Back to browse results
Is the source of domestic water associated with the risk of malaria infection? Spatial variability and a mixed-effects multilevel analysis
Authors: Festo Kasmir Shayo, Keiko Nakamura, Saber Al-Sobaihi, and Kaoruko Seino
Source: International Journal of Infectious Diseases, DOI: 10.1016/j.ijid.2020.12.062
Topic(s): GIS/GPS
Spatial analysis
Water supply
Country: Africa
Published: DEC 2020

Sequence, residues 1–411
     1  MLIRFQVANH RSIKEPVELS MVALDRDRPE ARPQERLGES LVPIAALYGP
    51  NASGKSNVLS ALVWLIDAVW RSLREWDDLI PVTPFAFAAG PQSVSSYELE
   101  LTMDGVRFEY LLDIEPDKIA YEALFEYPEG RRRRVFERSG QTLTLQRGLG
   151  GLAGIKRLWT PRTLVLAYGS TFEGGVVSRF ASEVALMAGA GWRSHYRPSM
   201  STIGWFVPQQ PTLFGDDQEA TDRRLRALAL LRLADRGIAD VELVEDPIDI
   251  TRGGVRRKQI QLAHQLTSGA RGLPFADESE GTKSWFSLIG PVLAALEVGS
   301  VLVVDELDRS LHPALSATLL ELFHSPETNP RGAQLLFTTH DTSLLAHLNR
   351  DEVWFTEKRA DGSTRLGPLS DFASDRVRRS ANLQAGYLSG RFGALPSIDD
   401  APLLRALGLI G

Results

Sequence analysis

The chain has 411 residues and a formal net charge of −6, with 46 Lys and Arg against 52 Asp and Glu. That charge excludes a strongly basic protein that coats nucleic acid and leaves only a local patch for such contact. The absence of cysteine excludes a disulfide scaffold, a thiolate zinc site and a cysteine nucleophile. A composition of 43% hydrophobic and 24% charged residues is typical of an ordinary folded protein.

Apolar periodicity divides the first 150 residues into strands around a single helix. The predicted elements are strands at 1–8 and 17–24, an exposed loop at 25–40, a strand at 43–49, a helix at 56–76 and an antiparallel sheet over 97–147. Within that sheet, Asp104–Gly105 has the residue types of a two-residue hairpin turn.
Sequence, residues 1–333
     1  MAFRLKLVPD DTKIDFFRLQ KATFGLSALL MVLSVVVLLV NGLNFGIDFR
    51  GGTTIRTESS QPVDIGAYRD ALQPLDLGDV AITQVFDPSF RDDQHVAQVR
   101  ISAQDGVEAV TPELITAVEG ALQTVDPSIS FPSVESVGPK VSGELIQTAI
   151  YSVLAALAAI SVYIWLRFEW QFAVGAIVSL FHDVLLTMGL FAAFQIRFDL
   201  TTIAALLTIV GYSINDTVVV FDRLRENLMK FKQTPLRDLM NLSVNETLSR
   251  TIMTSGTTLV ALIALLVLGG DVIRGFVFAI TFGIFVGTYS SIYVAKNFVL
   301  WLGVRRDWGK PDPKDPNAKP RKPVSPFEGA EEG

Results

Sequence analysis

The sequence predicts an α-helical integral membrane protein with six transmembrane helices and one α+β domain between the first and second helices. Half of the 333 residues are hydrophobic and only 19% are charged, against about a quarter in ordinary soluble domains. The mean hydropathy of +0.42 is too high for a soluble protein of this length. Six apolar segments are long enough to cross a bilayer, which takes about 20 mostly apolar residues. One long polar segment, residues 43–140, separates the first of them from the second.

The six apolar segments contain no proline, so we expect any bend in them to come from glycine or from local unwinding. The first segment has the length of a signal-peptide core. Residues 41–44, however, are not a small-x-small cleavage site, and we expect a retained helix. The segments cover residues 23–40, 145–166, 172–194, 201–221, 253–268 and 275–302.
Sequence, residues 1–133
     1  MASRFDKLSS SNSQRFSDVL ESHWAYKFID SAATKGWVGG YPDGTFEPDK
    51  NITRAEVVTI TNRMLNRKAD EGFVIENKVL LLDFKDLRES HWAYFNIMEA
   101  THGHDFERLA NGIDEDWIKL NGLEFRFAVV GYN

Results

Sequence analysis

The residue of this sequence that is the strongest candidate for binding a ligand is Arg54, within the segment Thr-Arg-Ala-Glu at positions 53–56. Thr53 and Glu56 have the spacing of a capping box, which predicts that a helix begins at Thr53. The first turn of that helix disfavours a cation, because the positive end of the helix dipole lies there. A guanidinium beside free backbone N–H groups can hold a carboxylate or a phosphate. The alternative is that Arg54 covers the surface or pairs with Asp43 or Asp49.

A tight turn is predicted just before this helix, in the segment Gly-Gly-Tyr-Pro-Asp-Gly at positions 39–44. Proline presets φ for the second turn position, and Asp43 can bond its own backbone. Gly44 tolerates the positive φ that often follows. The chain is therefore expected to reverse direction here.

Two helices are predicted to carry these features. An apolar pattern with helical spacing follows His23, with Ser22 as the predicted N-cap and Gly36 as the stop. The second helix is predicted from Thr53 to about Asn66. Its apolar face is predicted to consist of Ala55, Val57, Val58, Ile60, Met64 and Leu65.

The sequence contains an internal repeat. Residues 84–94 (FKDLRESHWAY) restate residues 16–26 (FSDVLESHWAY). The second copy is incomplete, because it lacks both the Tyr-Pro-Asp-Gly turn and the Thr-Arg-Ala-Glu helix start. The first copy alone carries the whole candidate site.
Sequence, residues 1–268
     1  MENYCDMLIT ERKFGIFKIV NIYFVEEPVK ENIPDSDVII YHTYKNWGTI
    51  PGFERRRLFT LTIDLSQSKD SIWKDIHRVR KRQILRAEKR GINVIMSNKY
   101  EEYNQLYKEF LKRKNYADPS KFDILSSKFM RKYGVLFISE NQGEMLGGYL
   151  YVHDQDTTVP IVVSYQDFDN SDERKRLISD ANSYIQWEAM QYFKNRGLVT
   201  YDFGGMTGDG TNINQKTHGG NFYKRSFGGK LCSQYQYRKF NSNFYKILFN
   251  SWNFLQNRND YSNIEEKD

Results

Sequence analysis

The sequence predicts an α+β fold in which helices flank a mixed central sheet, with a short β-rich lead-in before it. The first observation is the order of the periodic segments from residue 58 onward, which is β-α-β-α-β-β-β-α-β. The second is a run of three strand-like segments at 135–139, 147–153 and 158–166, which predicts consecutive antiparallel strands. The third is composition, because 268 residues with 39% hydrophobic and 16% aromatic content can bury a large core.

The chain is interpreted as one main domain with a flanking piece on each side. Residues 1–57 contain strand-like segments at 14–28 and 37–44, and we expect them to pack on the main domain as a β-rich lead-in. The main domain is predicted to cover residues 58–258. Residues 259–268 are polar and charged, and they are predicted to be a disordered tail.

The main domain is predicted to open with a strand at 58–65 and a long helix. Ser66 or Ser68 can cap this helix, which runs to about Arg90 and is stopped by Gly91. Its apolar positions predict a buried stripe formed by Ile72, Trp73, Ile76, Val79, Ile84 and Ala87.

Abstract: Background: There is a dearth of information on the relationship between domestic water source and malaria infection in malaria-endemic regions such as Tanzania. This study examined the geospatial variability and association between domestic water source and malaria prevalence in Tanzania. Methods: We analyzed data from a sample of 6707 children, aged 6-59 months, from the 2017 Tanzania Malaria Indicator Survey. The outcome variable was the result of malaria testing (positive or negative) and the main explanatory variable was domestic water source (piped or non-piped). Random effect variables were administrative region and geographical zone. ArcGIS 10.7 was used to create geospatial distribution maps. A STATA MP 14.0 was used to fit a mixed-effects multilevel logistic regression to examine the factors associated with malaria prevalence. Results: The prevalence of malaria and non-piped domestic water source was respectively 7.3% and 59.6%. The regions and zones with a higher prevalence of malaria also had a higher percentage of non-piped water. There was a statistically significant variation in the risk of malaria across the regions (variance = 1.27; 95% CI, 0.40-4.07) and zones (variance = 4.75; 95% CI, 1.46-15.46). The final fixed-effects model showed that non-piped domestic water was significantly associated with malaria prevalence (adjusted odds ratio (AOR) = 2.18; 95% CI, 1.64-2.89; P < 0.001). Conclusions: A non-piped source of domestic water was independently associated with positive testing for malaria. Moreover, regions with a high percentage of non-piped domestic water had a correspondingly high prevalence of malaria. Keywords: Domestic water; Malaria; Multilevel analysis; Non-piped; Spatial variability; Tanzania